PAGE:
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"Everything we've ever done or will do, we're gonna do over and over and over again." Rust Cohle (of "True Detective") wasn't talking about football when he opined on the recurrence of events in our lives, but he might as well have been in a deep discussion on the NFC South, a routinely disgusting division which once again finds itself in a flat circle of time, with Sunday's results yielding a three-way tie for first with teams under .500.

The Atlanta Falcons stymied Mike Evans to the tune of just eight yards on Sunday, which would lead you to believe the Falcons romped past the Buccaneers. You would be incorrect -- Baker Mayfield managed to gut out a fairly impressive offensive performance against a tough Atlanta defense en route to a 29-25 victory that vaulted the Bucs into first place at 6-7. Credit to Rachaad White, who has really developed into an underrated lead back this season, for a 100-yard game on the ground and a screen pass he housed from 33 yards out to give the Bucs a two-score lead late in the third quarter.

The Falcons would answer with a Bijan Robinson touchdown to make it a 19-17 game before a Desmond Ridder rushing touchdown and ensuing two-point conversion gave them the lead with around three minutes left. And that's when Baker did Baker things -- it felt like every single play on Tampa's final drive was a dangerous scramble or a tight-window throw or a shocking fourth-down conversion before Mayfield hit tight end Cade Otton for the game-winning score. 

Meanwhile, the Saints were hosting the Panthers, with the most shocking starting quarterback decision of the year, putting Derek Carr under center despite the QB coming off his second concussion of the season and battling rib and shoulder injuries. A cynic might suggest Carr loves to let the world know he's very tough and a REAL cynic might suggest Carr is extremely insecure about losing his starting job to Jameis Winston. Fortunately I'm not a cynic (as far as you know), so I'll simply give Carr props for playing a fairly efficient game against a hapless Panthers team that should be humiliated it's not even sniffing this divisional race.

New Orleans flat-out overpowered the Panthers, who couldn't muster more than six points on a pair of field goals. Carolina drove more than 50 yards once while compiling seven drives that went 25 yards or less. The Saints blew them out, but both of Carr's touchdowns were in what amounts to garbage time even though the Saints were only up eight points. 

The Panthers are only relevant for draft purposes and even then there's far more interest in Chicago than there is Carolina. When I do local radio and spend segments talking about the offensive line's inability to protect or the offense's inability to push the ball down the field, I feel a lot like Matthew McConaughey spinning a crushed aluminum beer can. They're eliminated from division contention despite the leaders sitting in a three-way tie at 6-7. The Bryce Young trade looks like one of the worst decisions in modern draft history right now.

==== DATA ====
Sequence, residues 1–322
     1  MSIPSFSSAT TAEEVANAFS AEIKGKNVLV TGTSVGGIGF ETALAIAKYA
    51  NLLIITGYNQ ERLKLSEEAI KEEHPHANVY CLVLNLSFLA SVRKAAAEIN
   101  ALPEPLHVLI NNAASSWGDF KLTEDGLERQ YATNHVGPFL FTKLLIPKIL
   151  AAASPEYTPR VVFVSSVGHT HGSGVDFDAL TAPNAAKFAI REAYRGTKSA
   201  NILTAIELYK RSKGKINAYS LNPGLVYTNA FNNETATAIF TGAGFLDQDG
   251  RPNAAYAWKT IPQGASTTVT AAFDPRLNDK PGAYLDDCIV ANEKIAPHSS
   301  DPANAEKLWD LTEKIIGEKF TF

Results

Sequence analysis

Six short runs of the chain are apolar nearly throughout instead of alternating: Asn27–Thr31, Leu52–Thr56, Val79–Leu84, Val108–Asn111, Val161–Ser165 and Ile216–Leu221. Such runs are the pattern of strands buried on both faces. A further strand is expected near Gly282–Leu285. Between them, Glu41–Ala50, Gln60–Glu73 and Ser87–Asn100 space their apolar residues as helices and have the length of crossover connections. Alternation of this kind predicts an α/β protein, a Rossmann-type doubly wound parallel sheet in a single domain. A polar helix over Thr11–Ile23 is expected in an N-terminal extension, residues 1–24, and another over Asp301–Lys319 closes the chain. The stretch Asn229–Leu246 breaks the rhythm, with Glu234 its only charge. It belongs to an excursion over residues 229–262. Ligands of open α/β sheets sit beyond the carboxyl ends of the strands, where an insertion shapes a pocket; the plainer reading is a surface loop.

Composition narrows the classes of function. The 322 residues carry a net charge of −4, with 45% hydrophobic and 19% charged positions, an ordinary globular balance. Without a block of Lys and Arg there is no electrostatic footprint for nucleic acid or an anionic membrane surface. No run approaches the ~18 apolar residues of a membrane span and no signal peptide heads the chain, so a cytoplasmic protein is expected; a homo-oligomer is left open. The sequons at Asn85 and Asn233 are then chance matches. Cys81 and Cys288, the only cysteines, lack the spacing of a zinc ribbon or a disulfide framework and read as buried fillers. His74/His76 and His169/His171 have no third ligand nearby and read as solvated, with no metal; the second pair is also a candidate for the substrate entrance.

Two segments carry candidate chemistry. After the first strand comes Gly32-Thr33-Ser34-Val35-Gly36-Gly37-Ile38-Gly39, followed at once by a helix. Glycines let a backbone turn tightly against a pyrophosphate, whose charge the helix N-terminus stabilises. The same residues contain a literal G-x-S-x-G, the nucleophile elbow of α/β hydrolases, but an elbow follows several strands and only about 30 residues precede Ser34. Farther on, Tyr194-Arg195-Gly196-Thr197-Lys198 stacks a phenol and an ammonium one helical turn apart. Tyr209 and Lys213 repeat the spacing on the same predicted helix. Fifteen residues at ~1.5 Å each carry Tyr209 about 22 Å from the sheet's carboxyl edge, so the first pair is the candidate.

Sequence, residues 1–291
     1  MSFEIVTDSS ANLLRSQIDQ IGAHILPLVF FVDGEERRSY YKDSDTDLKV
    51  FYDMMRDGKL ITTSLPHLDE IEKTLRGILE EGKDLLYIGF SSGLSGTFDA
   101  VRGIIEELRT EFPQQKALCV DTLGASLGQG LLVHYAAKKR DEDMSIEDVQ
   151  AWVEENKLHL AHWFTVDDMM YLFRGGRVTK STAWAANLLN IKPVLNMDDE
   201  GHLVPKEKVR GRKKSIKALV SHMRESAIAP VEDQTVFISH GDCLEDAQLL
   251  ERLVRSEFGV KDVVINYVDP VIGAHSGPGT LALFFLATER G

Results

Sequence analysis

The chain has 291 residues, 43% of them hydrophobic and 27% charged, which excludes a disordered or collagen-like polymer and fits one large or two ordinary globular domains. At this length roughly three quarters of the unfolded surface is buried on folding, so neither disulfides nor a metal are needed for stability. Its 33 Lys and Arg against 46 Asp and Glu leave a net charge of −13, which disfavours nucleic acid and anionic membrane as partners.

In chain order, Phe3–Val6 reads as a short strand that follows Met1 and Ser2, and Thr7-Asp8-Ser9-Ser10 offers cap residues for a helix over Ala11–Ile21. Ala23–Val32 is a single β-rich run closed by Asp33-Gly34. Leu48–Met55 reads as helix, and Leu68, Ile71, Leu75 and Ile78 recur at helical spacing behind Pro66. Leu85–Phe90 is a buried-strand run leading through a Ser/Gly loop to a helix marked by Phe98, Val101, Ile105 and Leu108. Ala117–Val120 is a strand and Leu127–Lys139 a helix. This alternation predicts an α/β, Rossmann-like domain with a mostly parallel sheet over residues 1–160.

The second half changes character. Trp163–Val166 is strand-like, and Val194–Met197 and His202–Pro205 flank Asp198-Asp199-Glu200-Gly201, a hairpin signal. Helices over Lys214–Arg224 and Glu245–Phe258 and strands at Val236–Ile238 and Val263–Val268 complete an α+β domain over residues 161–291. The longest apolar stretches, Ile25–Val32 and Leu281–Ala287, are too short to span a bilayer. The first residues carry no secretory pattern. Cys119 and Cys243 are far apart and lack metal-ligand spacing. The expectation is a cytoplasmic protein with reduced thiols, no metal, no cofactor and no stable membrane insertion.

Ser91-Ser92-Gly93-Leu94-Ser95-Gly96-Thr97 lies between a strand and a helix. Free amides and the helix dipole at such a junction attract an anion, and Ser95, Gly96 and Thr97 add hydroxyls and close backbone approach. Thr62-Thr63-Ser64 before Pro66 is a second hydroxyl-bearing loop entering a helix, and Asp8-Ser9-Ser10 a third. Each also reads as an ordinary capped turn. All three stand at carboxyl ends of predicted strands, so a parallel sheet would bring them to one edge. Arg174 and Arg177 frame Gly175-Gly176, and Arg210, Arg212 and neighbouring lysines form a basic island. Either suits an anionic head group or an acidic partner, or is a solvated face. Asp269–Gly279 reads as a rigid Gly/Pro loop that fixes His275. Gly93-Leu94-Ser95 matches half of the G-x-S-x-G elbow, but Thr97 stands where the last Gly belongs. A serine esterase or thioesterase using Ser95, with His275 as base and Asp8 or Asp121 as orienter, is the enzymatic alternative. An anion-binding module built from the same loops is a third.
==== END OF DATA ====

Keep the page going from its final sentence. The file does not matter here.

So let's look at the rest of the teams here. 


For three teams tied within the division, the first tiebreaker is head-to-head, followed by divisional record followed by common games. 

In this case the three-way tiebreaker eliminates New Orleans (0-2 against the Bucs and Falcons this year), then with a tie in the division, Tampa beats Atlanta with a better record in common games (4-2 to 3-3). 

Tampa is 2-1 against the Falcons and Saints with a game remaining against New Orleans, and, for divisional purposes, a game left against the Panthers as well. Atlanta's 2-1 against the Bucs and Saints with a record against the Panthers as well. New Orleans can win four more divisional games and create a tie in the head-to-head situation by beating Tampa and Atlanta the rest of the year. 

In other words, given how close these teams are in terms of quality, this thing is WIDE OPEN. I'd give the Bucs and Falcons a slight edge because of games against the Panthers remaining but Tampa an even slighter edge because its matchup against the Saints is at home, with the Falcons on the road. 

Tampa's quarterback situation is maybe the most stable based on injury and performance -- it's probably a wash across the board in terms of skill-position guys for all three teams. 

Expect this thing to come down to someone, likely with a losing record, managing to win a tiebreaker and hosting the Cowboys or Eagles in a playoff game to much public outrage.

Time remains, as always, a flat circle.